Well-behaved tots and tech-savvy teens were among the highlights in a new study by Child Trends Hispanic Institute released Wednesday, which sheds light on the future of the United States’ next generation of Hispanic Americans.
The purpose of the study, outlined in its introduction by Child Trends President Carol Emig, was to “widen the lens” by highlighting the positive trends among Hispanic youth. “In the midst of many troubling indicators, there are enduring strengths upon which to build, and impressive, but often overlooked, signs of progress,” Emig writes.
Researcher David Murphey said there were several areas of progress that stood out to him in the study, particularly in education. More young Latino children are enrolling in center-based care programs which are more likely to be of a higher educational quality than home-based care and other alternatives, Murphey said during a phone interview. Other highlights include Latino students posting solid gains on national assessments in key subject areas, more Latinos than ever before earning a high school diploma, and a record number of Hispanics enrolling in two- or four-year colleges.
Source: Child Trends Hispanic Institute
A greater sense of responsibility among Latino youth was also revealed in the study, indicated by falling teen pregnancy rates – declines have been greater in the last four years for Latinas than other ethnic groups – and a decrease in smoking and binge drinking habits among high school seniors.
Latino teens’ use of technology is also promising. While less likely to own a cell phone than their peers, they are avid users of smartphones and tablets. “This is a promising vehicle that the people who work with youngsters can take advantage of,” Murphey said.
But obstacles remain. The Pew Research Center Hispanic Trends Project reported Tuesday Hispanics are the only group to see poverty rates decline and incomes increase, but despite these gains, Hispanics have the largest number of people living in poverty when compared with other minority groups. “Nearly one-third of Latino children live below the poverty line, and a roughly equal share, while not poor by official definition, has family incomes just adequate to meet basic needs,” the Child Trends study states. “America’s Latino children disproportionately live in neighborhoods of concentrated poverty where poor housing, poor schools, and crime further threaten their well-being.”
Hispanic children are also less likely to be prepared for kindergarten than their peers.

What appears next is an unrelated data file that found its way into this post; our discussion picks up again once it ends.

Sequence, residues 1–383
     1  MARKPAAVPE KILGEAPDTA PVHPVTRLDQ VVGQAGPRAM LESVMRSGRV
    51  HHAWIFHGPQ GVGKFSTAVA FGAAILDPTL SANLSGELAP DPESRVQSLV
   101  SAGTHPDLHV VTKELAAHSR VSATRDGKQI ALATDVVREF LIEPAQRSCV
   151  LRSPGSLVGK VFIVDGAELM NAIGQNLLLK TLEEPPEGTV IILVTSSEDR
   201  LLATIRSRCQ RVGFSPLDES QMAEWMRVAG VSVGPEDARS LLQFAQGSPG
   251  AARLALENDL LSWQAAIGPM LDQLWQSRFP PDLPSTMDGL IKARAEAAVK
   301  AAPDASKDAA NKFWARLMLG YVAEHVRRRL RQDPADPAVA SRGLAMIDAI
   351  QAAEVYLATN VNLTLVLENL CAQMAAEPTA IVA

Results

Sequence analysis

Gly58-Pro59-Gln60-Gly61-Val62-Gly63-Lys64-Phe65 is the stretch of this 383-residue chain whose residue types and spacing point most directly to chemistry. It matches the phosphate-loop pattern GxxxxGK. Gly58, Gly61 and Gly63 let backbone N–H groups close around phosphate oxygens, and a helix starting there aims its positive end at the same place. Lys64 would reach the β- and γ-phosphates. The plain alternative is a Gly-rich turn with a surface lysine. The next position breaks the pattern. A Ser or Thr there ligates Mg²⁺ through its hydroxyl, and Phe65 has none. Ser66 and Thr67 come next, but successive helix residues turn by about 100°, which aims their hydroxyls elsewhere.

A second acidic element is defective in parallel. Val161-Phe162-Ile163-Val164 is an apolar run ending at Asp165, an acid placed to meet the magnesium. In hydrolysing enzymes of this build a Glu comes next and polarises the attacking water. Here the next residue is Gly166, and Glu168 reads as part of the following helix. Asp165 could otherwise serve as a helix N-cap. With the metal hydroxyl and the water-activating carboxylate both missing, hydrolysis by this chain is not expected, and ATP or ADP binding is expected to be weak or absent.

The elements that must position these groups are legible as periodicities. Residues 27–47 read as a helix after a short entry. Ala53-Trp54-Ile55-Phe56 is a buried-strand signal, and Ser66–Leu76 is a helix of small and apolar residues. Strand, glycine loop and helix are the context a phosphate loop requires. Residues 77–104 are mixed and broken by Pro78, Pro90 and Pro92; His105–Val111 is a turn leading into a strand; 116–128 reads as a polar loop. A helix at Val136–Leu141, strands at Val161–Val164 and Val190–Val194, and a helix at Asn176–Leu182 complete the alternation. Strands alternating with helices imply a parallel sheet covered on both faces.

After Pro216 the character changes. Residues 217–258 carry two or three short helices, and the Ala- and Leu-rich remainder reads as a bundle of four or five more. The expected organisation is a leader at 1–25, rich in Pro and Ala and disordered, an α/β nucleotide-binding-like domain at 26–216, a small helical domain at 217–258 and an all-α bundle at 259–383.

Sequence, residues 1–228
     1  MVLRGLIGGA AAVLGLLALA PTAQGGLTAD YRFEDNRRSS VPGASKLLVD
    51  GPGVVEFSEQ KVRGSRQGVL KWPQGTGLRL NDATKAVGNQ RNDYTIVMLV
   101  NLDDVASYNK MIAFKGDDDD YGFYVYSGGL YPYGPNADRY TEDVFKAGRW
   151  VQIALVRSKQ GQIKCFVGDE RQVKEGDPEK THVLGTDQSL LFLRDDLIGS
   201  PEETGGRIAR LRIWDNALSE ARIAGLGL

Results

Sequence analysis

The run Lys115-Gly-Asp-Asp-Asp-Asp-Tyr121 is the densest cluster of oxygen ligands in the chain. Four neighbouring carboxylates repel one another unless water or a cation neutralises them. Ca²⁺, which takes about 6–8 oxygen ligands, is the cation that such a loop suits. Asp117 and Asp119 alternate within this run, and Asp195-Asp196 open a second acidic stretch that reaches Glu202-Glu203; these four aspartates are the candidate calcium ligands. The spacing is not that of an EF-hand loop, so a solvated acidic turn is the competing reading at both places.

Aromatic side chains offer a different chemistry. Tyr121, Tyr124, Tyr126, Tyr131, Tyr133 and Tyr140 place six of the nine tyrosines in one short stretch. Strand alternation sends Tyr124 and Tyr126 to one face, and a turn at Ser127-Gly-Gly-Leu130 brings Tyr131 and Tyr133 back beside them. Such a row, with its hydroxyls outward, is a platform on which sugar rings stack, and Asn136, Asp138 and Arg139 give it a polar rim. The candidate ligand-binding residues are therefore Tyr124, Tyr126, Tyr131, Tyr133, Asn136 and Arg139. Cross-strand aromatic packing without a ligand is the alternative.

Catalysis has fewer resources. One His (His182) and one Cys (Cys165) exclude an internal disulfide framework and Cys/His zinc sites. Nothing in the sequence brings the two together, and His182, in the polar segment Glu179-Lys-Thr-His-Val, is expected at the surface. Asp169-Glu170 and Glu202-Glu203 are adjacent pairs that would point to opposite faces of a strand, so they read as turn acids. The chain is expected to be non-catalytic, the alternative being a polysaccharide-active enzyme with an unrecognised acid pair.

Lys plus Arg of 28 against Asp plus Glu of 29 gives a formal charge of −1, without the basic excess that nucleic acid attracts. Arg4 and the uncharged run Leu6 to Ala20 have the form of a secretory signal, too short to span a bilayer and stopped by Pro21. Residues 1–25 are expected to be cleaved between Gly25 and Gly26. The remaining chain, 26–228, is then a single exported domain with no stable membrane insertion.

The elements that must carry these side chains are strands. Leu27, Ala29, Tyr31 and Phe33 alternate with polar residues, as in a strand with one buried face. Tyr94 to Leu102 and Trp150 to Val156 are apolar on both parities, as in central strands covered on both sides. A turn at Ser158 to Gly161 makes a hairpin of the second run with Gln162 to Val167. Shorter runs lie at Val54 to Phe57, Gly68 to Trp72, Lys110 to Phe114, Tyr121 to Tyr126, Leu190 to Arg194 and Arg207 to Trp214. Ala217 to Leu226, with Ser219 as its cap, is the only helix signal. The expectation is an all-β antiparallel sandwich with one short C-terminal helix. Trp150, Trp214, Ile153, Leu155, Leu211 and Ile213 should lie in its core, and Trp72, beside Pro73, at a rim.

Source: Child Trends Hispanic Institute
“Some of the people who study cultures, typically in family life, might offer some reasons,” Murphey said when asked about the school-readiness statistics. “One is that traditionally Latino cultures, rather than emphasizing the teaching role of parents, parents put a priority on good behavior. They see the job of parenting – the priority of that job anyway – is to teach their children how to behave well, how to respect adults, follow directions. We see the learning of letters or numbers as the job of the schools. Whether that’s optimal or not, we can debate, but certainly many kindergarten teachers have said (that is) just as important. We don’t think this is necessarily a bad news story.”
High rates of poverty may influence this, as well as the education levels of immigrant parents, but Murphey is hopeful this can be countered. “I think we see that when Latino parents are approached with respect for what they are doing, they are very receptive to taking on new roles.”
For Murphey, the biggest takeaway from the study was the revelation of the rapidly changing demographics. One in four children in the United States is Latino, and the statistics are well on their way to one in three, as already reflected in public school enrollment. The U.S. Census Bureau predicts the same for the American adult population as well, with Hispanic growth expected to more than double over the next 50 years.
Schools can’t be expected to carry all the load. “We’re still as a culture and as a society catching up to that reality and realizing we have to have a broader view of the kinds of experiences kids are bringing to school and how we respond to them,” he said.
“We need to have a multipronged approach,” Murphey continued, referring to society’s recognition of not only the education needs of the Latino community, but economic and health needs as well. “If a third of our population by 2050 is going to be Latino or Hispanic, then we can’t afford to leave them behind in a marginalized situation.”